Say two photons start at point A, and go in opposite directions. They will be traveling apart at 2x the speed of light correct? So if this limit is how fast you are able to travel through space (and ignoring the expansion of space itself) is there a way to tell how fast we are moving through space and which direction? Such as measuring in every direction how fast a photon is traveling, and the speed of a photon would be the speed of light +/- our speed. If it's possible I assume it was done and we can know which way we are "drifting" through space? I feel I probably just don't understand something about how the speed works, but that's why I'm asking this question.

  • $\begingroup$ How does it work then if two light speed particles travel in opposite directions? Sorry I just don't know. I guess the answer would have to do with time dilation and relativity. $\endgroup$
    – user204537
    Nov 22, 2018 at 16:09
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    $\begingroup$ physics.stackexchange.com/q/200982 is relevant. $\endgroup$
    – user191954
    Nov 22, 2018 at 16:11
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    $\begingroup$ It would be good to read about the Michelson Morley experiment which essentially asked the same question. TLDR - the experiment could not answer this and one had to redefine notions of space and time to accommodate this null result. $\endgroup$ Nov 22, 2018 at 16:21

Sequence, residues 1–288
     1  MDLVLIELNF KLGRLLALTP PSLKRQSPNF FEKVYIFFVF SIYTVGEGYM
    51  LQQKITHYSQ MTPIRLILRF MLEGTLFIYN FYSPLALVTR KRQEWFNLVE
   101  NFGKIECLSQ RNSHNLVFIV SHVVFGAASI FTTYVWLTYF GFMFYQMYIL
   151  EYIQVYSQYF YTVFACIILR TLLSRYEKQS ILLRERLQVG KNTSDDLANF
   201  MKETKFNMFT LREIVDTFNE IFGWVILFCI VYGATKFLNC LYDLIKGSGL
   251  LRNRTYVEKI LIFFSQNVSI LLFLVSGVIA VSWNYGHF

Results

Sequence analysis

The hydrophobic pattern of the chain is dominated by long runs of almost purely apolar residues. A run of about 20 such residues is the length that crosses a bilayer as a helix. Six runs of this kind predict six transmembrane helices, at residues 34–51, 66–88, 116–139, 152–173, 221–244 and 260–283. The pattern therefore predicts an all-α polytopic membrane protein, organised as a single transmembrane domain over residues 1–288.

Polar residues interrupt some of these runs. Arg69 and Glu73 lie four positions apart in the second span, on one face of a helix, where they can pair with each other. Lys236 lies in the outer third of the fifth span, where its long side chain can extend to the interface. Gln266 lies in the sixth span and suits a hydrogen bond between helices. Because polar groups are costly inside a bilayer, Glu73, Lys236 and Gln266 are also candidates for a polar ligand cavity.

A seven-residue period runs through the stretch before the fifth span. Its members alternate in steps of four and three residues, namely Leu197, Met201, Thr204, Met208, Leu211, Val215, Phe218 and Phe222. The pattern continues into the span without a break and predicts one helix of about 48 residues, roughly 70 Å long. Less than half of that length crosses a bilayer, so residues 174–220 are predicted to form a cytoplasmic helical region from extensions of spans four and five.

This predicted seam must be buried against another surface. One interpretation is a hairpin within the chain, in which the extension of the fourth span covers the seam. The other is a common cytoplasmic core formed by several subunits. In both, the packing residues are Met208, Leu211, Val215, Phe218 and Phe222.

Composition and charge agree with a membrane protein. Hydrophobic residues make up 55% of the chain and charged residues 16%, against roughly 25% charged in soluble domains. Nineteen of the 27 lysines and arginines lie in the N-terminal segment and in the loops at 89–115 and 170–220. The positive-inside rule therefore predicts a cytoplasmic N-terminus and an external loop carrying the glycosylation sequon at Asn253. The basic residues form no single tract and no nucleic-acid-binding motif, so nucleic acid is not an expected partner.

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    $\begingroup$ Why do people downvote valid questions? It feels discouraging to have genuine interest and questions and have people downvote them, and I got good answers. I thought in learning asking questions is a good thing, especially if you put some thought into them. $\endgroup$
    – user204537
    Nov 22, 2018 at 16:25
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    $\begingroup$ I am quicker than most to downvote but I agree that this question should not have been downvoted. The reference to the Michelson-Morley experiment is right on target; Wolfe is asking exactly the question that this experiment was designed to answer, and nobody downvoted Michelson and Morley for asking it. (Of course when they asked it the answer wasn't already known and now it is, but there is no reason to expect the OP to be familiar with that answer. If knowing the whole history of physics is a prerequisite for asking a question, then we might as well shut down this site.) $\endgroup$
    – WillO
    Nov 22, 2018 at 16:37

2 Answers 2


According to Galilean relativity, velocities $u$ and $v$ add according to


But relativistically, the relationship is not straight addition, it's


where the units are such that $c=1$. If you put in $v=\pm 1$ in this equation, you get a result that is just $\pm 1$ again. So in your experiment, you will always measure all the photons to have velocities equal to $c$, and you won't get any information about your own state of motion.


Ben's answer is technically correct, the best kind of correct, but I'd still like to expand on it a bit...